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Your Baby’s Birth Weight May Determine Your Risk For Breast Cancer

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your baby's birth weight may influence your risk for breast cancer later Ron Chapple Studios/Thinkstock

A baby’s delivery weight is an important risk factor of infant mortality and childhood development disorders. That being the case, the prevailing wisdom has been that "bigger is better".

Now, researchers have determined baby's birth weight can also be an important determinate in the mother’s own health later on.

New mothers who give birth to large babies are more likely to get breast cancer in the future, University of Texas Medical Branch at Galveston researchers found.

Researchers believe delivering a baby’s whose birth weight is 8.25 pounds or larger increases the mother’s hormone production, and as a result creates a kind of "cancer incubator" that favors future breast cancer and progression.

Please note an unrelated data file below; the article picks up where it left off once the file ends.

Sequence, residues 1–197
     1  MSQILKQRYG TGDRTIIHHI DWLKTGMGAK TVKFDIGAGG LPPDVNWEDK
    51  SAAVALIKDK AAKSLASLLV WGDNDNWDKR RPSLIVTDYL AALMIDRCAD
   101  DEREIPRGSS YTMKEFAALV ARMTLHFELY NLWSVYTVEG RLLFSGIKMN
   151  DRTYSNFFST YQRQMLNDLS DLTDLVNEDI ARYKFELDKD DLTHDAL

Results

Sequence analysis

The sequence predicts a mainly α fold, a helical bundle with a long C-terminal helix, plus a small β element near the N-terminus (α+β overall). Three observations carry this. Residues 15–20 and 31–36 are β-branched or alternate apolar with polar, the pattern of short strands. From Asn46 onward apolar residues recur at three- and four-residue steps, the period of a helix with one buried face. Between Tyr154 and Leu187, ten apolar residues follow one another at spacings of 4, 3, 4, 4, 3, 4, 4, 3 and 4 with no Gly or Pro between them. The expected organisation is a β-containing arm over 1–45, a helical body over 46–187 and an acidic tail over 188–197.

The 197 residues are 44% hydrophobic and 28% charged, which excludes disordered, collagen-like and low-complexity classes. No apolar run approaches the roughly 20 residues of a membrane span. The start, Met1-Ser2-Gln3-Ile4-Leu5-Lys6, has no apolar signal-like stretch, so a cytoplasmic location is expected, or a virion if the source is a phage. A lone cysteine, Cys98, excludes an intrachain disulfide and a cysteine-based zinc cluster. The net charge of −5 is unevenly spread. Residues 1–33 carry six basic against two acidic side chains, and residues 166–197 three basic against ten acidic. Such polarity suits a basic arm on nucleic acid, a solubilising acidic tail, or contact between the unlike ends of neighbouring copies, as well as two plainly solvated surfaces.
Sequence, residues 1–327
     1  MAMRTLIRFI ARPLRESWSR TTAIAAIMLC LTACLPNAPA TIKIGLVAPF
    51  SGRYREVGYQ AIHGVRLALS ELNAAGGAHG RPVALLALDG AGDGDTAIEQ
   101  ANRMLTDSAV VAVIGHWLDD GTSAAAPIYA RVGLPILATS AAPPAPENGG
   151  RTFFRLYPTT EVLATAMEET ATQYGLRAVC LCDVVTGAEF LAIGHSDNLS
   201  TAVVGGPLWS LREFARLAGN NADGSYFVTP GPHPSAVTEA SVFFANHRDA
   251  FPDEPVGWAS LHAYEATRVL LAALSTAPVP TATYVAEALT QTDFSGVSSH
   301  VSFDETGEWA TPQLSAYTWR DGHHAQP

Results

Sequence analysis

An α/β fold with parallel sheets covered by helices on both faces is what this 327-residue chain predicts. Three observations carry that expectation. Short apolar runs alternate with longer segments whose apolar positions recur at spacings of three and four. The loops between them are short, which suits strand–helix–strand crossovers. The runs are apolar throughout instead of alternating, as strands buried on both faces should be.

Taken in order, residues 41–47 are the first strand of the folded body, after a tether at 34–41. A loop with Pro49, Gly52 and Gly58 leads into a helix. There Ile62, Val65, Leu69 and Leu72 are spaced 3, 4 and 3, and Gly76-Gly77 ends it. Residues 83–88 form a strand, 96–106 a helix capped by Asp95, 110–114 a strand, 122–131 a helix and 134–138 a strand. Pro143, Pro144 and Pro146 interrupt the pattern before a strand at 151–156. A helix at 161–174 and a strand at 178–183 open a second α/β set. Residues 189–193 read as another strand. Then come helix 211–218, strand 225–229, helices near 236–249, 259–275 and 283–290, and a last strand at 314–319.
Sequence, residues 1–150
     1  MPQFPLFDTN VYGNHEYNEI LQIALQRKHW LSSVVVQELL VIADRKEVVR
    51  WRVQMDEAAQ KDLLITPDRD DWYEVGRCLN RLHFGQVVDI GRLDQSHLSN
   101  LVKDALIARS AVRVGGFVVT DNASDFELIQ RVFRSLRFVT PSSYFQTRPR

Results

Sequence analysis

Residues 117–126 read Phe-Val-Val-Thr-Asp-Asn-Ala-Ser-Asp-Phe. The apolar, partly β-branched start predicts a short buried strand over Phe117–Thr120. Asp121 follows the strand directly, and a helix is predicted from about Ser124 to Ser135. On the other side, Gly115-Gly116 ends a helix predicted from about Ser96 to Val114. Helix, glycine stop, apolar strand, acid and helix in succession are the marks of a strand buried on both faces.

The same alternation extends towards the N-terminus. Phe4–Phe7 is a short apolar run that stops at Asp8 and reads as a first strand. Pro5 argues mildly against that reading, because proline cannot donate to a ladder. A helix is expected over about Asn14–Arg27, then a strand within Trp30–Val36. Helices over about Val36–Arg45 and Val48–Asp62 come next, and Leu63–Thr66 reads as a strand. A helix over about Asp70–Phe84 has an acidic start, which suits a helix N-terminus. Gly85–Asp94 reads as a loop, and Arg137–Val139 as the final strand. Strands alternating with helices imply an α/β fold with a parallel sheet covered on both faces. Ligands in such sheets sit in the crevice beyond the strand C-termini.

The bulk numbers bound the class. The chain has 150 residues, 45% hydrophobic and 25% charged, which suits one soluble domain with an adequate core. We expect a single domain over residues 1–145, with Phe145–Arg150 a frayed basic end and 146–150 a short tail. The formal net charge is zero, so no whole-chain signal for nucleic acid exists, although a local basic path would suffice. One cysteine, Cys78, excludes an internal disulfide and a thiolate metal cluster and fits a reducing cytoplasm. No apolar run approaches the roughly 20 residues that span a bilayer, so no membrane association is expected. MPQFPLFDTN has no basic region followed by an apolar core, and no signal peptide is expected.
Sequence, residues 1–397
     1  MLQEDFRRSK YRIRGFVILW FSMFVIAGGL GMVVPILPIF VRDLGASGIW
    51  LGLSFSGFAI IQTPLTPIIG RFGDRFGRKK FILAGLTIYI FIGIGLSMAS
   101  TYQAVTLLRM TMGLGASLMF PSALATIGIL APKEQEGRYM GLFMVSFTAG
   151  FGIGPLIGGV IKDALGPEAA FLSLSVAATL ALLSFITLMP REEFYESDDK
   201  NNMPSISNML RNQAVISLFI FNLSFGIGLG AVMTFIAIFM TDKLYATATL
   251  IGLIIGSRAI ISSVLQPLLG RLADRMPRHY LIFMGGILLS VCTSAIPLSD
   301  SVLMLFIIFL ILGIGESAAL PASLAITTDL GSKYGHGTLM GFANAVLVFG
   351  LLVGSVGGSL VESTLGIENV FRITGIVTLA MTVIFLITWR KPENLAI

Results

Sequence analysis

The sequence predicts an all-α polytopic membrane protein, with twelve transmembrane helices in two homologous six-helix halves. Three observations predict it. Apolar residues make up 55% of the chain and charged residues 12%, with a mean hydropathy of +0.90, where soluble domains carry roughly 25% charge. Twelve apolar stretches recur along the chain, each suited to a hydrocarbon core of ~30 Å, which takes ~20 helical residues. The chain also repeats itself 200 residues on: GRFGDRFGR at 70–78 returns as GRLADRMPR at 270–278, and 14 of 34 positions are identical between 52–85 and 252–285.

“This means that they [the mothers] have high levels of estrogen, low levels of anti-estrogen and the presence of free insulin-like growth factors associated with breast cancer development and progression," said lead author Dr. Radek Bukowski, professor of obstetrics and gynecology in the Division of Maternal-Fetal Medicine.

Dr. Bukowski suggested breastfeeding, having more than one child, following a healthy diet high in fruits, vegetables and grains and regularly exercising, have been generally shown to reduce overall breast cancer risk.

"Women can't alter their pregnancy hormones, but [they] can take steps to increase their general protection against breast cancer,” he said.

Researchers have known that an association existed between giving birth to a chubby baby and the mother’s future breast health.

Previous studies, such as the famous Framingham Offspring Birth History Study and others, have looked at generations of women and pointed to such correlations.

Approximately 7.6 percent of the women from the Framingham cohort, who also participated in this study, were later diagnosed with breast cancer.

But Dr. Bukowski and his team wanted to know if this association existed independent of other breast cancer risk factors, such as the mother’s age, race, current weight, if she had ever used hormone replacement therapy or had diabetes.

In the Framingham study, the mother's own birth weight was found to be a determining factor.

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